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I am trying to understand the meaning of the following sentence, but I don't find in the dictionary what "call somebody out" means in this case, since the only meanings given from the OALD are "to ask somebody to come, especially to an emergency" and "to order or advise workers to stop work as a protest" which don't seem to be the correct meaning in this case.

In a relationship, you need somebody who's gonna call you out, not someone who's gonna let everything slide.

As side question, Google Translate translates "who's gonna" with che ha intenzione di ("who intends"). Is gonna ever used with that meaning, or is always another way of saying "going to"?

  • Gonna is always a contraction of going to. (But going to can't always be contracted to gonna. Gonna is limited in both syntax and meaning.) – snailboat Nov 26 '13 at 14:38
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Let's start with removing idioms and colloquialism

In a relationship, you need somebody who will complain when you've done something wrong, and not someone who ignores (forgives) your faults.

First, "gonna" is a colloquialism for "going to". The standard future form "somebody who is going to..."

"Call you out" is an idiom meaning in this context telling - sometimes even in a harsh way - that you did something wrong; reacting to your doing.

"let something slide" is an idiom that means overlooking/ignoring some fault on purpose. Say, you were going 80mph on a road with speed limit of 60mph. There was a policeman with a radar, and they did notice you speeding. They did not stop you, no ticket, no fine, nothing - they let it slide. It's not the same as not seeing the fault - it's choosing not to do anything about it.

Your original sentence means that for a successful relationship you need a honest feedback from your partner. If something you do ires them, they should tell you. If you keep doing something wrong and they never protest, it damages the relationship.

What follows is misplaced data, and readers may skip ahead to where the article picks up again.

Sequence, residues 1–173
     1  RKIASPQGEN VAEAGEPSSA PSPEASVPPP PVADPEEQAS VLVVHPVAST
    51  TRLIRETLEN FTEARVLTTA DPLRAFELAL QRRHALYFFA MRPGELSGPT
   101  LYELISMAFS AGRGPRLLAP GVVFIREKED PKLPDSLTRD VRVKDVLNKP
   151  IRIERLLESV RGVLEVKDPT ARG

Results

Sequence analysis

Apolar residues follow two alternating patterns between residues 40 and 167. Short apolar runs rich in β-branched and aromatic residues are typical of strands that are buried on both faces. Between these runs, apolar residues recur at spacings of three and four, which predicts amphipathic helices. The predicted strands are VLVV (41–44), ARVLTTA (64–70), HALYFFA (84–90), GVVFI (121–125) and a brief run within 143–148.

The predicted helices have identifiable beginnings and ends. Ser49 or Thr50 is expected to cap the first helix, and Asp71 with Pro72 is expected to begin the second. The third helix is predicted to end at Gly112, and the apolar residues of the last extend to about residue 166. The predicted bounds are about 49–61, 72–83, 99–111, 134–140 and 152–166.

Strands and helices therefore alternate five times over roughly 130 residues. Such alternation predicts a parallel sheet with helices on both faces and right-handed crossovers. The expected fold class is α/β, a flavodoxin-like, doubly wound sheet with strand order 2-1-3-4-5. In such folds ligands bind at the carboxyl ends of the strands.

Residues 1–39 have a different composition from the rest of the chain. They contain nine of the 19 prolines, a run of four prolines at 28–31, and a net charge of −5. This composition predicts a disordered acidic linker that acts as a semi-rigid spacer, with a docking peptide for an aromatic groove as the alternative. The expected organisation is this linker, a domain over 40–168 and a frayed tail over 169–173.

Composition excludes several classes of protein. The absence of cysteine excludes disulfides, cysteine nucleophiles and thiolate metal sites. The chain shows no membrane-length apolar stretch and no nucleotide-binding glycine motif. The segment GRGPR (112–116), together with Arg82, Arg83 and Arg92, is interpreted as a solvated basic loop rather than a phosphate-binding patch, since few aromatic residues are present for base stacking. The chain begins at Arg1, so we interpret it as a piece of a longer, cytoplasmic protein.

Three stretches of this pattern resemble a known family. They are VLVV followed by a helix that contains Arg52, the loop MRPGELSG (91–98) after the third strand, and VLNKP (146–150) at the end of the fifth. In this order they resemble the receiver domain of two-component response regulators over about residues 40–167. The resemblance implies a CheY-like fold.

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    It should probably be noted that usually to "call someone out" implies that the someone knows they did wrong. For example, I get more change from the cashier than they actually owe me. I count said change, realize this, but decide to take the extra dollar. Someone who calls me out is bringing my wrong-doing to my own attention; almost guilting me for it. Had I not noticed and accidentally taken the extra change, you'd likely use a different phrase/idiom. – Doc Nov 26 '13 at 16:43
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  • is gonna = ‘is going to’; it may have, but does not have to have, the specific meaning of intend to. In this case it has a ‘generic’ modality and means ‘will habitually’ or ‘will make a practise of’
  • to call out is to ‘challenge’, in the agentive senses of that word
  • to let X slide in this context means to ‘allow X to pass unchallenged’

So the sentence may be paraphrased:

In a relationship, you need somebody who will challenge you[r actions and attitudes], not somebody who will allow [your] every action and attitude pass without challenge.

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To put this another way, to call someone out means to challenge someone in some way - usually to challenge their ideas or opinions. For example, if I were to say "all of the other stackexchange sites are stupid except for ELL.SE", I would expect a friend (or person I'm in a relationship with) to call me out on this opinion, and ask me to justify it.

The person who wrote this is trying to convey the idea that you should be in a relationship with someone who doesn't let you get away with making false claims or using poor logic, they call you out on those weaknesses so that you can improve. Letting that stuff go (or slide) would be to let you continue to have those weaknesses.

A reference for this definition of "call out" was conveniently provided by @snailboat in the comments. See this Wiktionary entry (#4).

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